The two unions seeking higher wages for Seattle child-care workers have filed a lawsuit asking a judge to separate their initiative from the preschool plan proposed by Seattle city leaders so that voters don’t have to choose between them on the November ballot.
The lawsuit, filed Wednesday in King County Superior Court, is the latest salvo in a conflict brewing for months between the unions on one side and Mayor Ed Murray and City Council President Tim Burgess on the other.
Murray and Burgess have led the city’s yearlong effort to create a narrowly tailored, high-quality preschool program for 3- and 4-year-olds.
The unions behind the other preschool measure — Initiative 107 — are the Service Employees International Union (SEIU) Local 925 and the American Federation of Teachers-Washington (AFT).
Most Read Stories
For months, they lobbied the council to include better pay and training opportunities for all child-care workers in the city’s proposal. But when the two sides couldn’t agree, the unions spearheaded a coalition called Yes for Early Success, which collected more than 30,000 signatures to put I-107 on the ballot.
The initiative would set city policy on how much parents should pay (no more than 10 percent of family income) and how much child-care workers should earn ($15 an hour), but it doesn’t specify how the city would pay for that policy.
It would also require child-care teachers and staff members to obtain training and certification through a center jointly operated by the city and a provider hired by the city.
To qualify, the provider must have existed more than five years and have successfully negotiated a contract for child-care workers that increased wages and benefits.
Last month, the City Council voted to put both proposals on the ballot, but also voted 6-to-3 to take a position against I-107.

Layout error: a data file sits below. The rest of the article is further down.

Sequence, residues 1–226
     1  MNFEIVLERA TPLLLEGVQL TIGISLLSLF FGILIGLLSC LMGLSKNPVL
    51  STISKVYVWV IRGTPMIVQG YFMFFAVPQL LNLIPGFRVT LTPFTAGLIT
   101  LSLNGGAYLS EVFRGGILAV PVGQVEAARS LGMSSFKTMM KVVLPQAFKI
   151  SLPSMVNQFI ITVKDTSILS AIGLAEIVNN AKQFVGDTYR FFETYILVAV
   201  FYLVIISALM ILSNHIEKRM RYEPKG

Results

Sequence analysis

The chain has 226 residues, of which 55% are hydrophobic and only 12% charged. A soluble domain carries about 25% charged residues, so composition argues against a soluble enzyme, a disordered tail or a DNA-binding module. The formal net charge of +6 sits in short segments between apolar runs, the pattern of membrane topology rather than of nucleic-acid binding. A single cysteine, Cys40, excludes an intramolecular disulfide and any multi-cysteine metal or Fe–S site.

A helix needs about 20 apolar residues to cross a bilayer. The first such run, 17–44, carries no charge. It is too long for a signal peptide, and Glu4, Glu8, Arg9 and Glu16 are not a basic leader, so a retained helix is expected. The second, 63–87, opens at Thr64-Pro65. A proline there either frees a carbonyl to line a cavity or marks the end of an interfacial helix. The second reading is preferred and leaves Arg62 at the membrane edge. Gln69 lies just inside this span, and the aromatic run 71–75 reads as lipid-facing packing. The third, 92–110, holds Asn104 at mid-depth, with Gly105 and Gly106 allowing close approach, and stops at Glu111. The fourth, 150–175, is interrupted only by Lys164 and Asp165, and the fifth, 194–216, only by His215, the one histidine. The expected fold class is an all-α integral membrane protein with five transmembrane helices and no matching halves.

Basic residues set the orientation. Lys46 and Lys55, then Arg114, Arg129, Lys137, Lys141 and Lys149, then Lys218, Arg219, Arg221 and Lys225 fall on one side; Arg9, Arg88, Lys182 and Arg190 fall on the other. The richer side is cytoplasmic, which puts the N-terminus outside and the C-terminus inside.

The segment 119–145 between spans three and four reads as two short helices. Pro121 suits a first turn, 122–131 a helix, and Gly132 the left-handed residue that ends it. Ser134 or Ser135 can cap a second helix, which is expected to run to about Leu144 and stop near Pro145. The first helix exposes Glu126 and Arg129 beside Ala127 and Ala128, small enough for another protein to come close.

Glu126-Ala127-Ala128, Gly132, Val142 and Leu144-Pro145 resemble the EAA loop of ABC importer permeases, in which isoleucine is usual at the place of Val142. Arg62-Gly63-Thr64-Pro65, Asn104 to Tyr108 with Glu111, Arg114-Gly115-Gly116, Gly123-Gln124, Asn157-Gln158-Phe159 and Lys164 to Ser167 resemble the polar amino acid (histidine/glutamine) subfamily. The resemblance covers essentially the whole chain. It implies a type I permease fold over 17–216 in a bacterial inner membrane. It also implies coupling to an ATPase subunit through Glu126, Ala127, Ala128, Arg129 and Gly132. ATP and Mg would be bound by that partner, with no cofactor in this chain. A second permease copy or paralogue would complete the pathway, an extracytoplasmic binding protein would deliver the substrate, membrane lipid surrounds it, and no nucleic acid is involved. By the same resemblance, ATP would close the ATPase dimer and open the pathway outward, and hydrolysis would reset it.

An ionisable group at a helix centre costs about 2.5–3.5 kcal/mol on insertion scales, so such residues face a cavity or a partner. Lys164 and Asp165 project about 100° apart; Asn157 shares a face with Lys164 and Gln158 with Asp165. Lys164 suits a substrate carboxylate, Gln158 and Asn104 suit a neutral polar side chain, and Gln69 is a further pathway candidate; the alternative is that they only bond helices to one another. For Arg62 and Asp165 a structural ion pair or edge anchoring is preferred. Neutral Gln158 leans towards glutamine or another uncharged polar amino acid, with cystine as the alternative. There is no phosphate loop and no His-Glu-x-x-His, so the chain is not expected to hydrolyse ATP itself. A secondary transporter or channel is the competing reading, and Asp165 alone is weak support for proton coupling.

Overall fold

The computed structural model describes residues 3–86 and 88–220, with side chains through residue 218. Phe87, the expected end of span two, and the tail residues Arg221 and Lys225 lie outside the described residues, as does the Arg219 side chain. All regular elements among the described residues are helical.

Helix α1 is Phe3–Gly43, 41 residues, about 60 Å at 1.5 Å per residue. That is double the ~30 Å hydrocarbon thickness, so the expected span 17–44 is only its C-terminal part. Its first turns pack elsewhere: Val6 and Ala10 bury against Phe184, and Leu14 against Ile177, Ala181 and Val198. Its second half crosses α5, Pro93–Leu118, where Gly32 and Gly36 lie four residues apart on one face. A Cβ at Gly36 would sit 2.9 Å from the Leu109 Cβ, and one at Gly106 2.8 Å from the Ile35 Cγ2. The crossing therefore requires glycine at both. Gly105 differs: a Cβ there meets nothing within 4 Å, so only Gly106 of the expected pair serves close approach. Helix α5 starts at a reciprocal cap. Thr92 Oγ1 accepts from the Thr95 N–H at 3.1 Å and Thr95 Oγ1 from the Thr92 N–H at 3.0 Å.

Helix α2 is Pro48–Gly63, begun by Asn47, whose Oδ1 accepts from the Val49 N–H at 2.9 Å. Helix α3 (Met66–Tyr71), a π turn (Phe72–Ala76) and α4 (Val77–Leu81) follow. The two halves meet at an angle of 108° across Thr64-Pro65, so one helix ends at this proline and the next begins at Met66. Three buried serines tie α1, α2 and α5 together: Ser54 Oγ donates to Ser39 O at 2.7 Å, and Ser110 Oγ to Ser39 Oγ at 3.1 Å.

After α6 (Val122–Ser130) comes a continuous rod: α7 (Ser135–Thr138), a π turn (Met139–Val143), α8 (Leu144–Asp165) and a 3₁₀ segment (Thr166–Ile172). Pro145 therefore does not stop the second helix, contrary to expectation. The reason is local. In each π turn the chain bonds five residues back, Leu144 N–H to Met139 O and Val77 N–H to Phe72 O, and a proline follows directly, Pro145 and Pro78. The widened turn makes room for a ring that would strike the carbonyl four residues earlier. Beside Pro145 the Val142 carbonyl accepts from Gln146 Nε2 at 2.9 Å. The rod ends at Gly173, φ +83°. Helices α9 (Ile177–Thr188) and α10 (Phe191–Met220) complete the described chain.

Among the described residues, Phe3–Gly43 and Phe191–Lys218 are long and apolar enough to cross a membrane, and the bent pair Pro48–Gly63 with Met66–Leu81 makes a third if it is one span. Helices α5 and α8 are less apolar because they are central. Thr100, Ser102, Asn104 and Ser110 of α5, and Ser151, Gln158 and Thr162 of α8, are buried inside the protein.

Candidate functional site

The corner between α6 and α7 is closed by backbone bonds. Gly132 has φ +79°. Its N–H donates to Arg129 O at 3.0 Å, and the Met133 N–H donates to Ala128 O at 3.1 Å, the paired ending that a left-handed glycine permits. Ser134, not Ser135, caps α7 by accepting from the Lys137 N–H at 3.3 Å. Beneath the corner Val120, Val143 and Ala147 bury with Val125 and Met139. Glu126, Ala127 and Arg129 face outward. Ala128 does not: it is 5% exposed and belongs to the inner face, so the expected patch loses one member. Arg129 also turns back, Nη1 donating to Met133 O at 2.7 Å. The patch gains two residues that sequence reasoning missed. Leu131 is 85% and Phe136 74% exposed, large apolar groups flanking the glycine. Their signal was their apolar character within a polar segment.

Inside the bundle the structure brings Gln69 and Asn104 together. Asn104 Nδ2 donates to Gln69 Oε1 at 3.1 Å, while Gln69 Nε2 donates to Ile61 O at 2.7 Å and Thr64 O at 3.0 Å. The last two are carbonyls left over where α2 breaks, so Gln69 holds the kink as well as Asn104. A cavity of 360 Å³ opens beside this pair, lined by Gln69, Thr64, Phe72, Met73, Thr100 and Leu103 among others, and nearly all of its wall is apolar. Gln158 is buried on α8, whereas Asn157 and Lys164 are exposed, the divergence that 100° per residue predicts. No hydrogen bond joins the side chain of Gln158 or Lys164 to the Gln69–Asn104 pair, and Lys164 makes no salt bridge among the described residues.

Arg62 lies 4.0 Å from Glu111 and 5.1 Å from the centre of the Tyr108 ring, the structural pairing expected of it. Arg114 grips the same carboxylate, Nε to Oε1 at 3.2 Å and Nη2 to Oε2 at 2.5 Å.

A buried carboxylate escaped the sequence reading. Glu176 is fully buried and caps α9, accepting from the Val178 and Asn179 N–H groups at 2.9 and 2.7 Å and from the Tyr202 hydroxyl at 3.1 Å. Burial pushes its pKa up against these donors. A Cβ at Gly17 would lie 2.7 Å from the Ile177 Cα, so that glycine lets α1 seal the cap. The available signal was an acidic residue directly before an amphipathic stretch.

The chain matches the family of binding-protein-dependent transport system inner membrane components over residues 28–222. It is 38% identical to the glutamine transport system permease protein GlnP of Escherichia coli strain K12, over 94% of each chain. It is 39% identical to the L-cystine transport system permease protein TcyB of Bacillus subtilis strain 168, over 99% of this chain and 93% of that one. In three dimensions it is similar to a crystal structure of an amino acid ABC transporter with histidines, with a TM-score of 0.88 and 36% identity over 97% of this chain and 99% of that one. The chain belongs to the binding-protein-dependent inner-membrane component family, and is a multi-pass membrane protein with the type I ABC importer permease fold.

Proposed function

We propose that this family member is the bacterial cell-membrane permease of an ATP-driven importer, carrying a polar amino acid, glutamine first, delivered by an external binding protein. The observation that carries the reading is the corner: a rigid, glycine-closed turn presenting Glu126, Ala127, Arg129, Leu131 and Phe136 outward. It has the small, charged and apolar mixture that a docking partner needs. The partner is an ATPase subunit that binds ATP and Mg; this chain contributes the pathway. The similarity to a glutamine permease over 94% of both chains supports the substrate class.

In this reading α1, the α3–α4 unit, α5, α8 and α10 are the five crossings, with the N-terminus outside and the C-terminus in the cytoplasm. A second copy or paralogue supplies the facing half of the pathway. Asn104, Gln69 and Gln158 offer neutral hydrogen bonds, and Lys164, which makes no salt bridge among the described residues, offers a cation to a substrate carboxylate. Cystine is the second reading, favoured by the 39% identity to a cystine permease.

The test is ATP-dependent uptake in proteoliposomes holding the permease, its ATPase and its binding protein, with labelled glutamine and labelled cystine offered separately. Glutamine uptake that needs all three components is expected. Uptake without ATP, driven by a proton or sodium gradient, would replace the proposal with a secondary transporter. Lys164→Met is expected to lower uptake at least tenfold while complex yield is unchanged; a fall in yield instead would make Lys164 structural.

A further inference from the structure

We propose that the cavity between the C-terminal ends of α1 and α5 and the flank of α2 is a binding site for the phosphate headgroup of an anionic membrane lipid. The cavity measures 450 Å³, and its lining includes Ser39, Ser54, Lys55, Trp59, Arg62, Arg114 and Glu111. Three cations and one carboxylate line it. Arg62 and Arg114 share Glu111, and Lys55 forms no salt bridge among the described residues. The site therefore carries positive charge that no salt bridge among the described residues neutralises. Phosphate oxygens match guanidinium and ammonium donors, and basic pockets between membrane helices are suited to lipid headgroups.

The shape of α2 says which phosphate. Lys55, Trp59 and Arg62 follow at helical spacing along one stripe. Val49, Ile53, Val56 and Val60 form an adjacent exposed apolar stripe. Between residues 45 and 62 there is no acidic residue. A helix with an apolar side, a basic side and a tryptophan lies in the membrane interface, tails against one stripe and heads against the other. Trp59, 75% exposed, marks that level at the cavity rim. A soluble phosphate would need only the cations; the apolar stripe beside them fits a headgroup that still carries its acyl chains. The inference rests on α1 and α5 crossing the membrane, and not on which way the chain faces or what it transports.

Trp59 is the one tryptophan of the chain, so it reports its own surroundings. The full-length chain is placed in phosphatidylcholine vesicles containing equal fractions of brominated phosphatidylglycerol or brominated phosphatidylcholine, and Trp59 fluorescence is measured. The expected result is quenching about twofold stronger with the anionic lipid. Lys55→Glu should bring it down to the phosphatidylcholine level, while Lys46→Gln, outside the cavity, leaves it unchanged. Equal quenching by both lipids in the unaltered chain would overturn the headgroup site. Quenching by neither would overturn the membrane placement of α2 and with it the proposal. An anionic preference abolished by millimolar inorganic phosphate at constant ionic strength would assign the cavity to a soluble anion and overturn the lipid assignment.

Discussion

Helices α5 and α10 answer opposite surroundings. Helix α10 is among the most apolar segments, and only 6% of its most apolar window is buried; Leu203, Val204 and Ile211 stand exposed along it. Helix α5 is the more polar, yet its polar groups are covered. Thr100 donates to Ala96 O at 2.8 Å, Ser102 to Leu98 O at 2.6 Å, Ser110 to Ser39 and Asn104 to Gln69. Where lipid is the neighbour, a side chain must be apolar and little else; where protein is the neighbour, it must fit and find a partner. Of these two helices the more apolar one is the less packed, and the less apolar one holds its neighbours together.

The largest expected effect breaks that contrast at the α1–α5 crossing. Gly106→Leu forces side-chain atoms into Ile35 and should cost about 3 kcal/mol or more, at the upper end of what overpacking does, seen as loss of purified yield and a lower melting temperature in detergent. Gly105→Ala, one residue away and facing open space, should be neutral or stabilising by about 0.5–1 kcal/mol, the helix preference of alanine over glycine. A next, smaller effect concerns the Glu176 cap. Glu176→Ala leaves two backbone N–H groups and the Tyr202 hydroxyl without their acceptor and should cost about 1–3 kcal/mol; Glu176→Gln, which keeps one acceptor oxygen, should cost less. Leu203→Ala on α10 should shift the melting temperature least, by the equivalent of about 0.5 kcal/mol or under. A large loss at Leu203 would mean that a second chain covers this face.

Burgess argued that the unions’ proposal contradicts the city’s preschool plan, specifically in areas that directly affect quality, such as teacher training and credentials.
The council voted to consider I-107 as a competing, rather than complementary measure, which means voters would have to decide first whether they want a preschool program at all, and then to choose between the two options.
The lawsuit argues that voters shouldn’t have to choose because the two measures have distinct, but complementary, goals.
I-107 seeks to improve the pay and training of about 4,500 workers caring for children from birth to school age in a variety of settings.
The city’s program would focus on high-quality providers and eventually would serve 2,000 children in 100 classrooms by 2018.
A spokesman for the Seattle City Attorney’s Office said he had not seen the lawsuit yet and could not comment.
The unions also have filed an ethics complaint against the city with the state auditor, the state Public Disclosure Commission and the Seattle Ethics and Election Commission.
The complaint alleges the city improperly made policy decisions opposing I-107 behind closed doors and provided The Seattle Times editorial board with a fiscal analysis of I-107 that the city refused to provide to the coalition.
The lawsuit accused the City Council of discussing and carrying out legislative duties related to I-107 in those closed-door sessions in violation of open-meetings laws.
A hearing is scheduled Aug. 12.